Taking carbon out of building construction just became today’s growth industry

By Larry StewartNovember 16, 2022

Operations of SLI’s 303 Battery project in Seattle are carbon-neutral, and modular construction trimmed embodied carbon. (Image: SLI)

Buildings and construction set a new record in 2021 for carbon output, creating new opportunities for building constructors to develop skills working with new building materials and processes.

The global community is moving with urgency. Greenhouse gas pollution in general will set a record this year, with emissions increases in the past year from both the United States and India. China and the European Union will probably report small declines.

Big changes needed by 2030

A report released this month by the UN Environment Programme revealed that construction activities rebounded in 2021 to pre-pandemic levels in most major economies, alongside more energy-intensive use of buildings as workplaces reopened. Plus, more emerging economies increased their use of fossil fuel gases in buildings. Buildings energy demand posted its largest increase in ten years. As a result, CO2 emissions from buildings operations reached an all-time high, about a 5% increase from 2020 and 2% higher than the peak in 2019.

Add in CO2 emissions from producing building materials (mostly concrete, steel, aluminum, glass, and bricks), and buildings represented around 37% of global CO2 emissions in 2021.

Global spending on green buildings by 2030 is expected to reach $1.3 to $1.8 trillion, second only to transportation. (Graphic: McKinsey)

The CO2 rebound demonstrates that few structural changes have yet occurred in the buildings sector to reduce energy demand or cut emissions, and that the 2020 building-emissions reduction was merely a pandemic-related outlier. The UN’s Global Status Report for Buildings and Construction highlights that some policy progress has been made since 2015 and global energy-efficiency investment has increased about 16%, but greater effort is obviously necessary in the face of increasing square footage.

The gap between the actual climate performance of the building sector and the necessary decarbonization pathway is growing despite more countries committing to energy efficiency in 2021 and offering extensive details for decarbonizing buildings, and investments of more than $230 billion in energy efficiency.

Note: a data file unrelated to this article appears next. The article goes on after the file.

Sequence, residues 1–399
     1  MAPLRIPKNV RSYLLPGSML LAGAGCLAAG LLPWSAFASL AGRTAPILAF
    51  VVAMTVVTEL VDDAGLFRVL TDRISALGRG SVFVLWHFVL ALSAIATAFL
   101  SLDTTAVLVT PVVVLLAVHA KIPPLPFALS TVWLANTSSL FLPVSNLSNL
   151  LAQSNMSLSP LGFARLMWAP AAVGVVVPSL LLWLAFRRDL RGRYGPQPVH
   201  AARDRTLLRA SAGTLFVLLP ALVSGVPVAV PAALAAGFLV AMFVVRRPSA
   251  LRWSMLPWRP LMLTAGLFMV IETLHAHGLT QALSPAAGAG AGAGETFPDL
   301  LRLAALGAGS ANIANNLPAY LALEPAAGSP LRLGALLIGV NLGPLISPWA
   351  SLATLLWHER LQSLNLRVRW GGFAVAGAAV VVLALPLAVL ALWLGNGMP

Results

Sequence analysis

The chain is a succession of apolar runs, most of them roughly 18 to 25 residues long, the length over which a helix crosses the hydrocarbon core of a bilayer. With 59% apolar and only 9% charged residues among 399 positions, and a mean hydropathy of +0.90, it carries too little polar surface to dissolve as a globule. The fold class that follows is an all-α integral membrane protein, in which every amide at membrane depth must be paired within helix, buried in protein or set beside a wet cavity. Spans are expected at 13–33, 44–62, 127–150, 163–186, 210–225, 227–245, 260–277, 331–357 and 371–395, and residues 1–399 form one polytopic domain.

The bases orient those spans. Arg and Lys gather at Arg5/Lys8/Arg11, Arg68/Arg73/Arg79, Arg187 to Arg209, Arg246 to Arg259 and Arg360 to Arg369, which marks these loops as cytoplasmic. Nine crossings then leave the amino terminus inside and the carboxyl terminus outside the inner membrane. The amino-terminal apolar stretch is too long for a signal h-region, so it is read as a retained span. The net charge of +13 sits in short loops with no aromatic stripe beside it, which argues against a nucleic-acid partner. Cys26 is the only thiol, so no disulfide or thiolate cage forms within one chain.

As building square footage trends upward, U.N. leaders set goals to halve emissions from the “built environment” by 2030 and for all new buildings to operate with net-zero in carbon by 2050. The targets are necessary to ensure global temperatures do not increase more than 1.5 degrees Celsius. Beyond that threshold, it is projected that weather disasters will become routine, much of the global south will become too hot and/or dry to support its current population and some regions will face famine.

Pressure to reduce carbon emissions from the built environment comes from far more than altruism. More than 3,000 companies across the world have set or are in the process of committing to an emissions reduction through the Science Based Targets initiative, an institution that created a framework around reduction commitments for businesses. Regulation, investor activism, rising consumer interest and competition for environmentally conscious employees are key factors pushing companies to benchmark and improve their sustainability performance. Even if contractors aren’t sensitive to those influences, they are influencing developers, industries, governments and other clients that contractors serve.

Contractors’ opportunities

A recent McKinsey report found that reaching a net-zero economy by 2050 could entail a 60% increase in global capital spending on physical assets, compared with current levels. Required investments amount to $9.2 trillion per year until 2050. McKinsey’s analysis also suggests that growing demand for net-zero offerings could generate more than $12 trillion of annual sales by 2030 across 11 value pools, including transport ($2.3 trillion to $2.7 trillion per year), buildings ($1.3 trillion to $1.8 trillion), power ($1.0 trillion to $1.5 trillion), and water ($1.1 trillion to $1.2 trillion).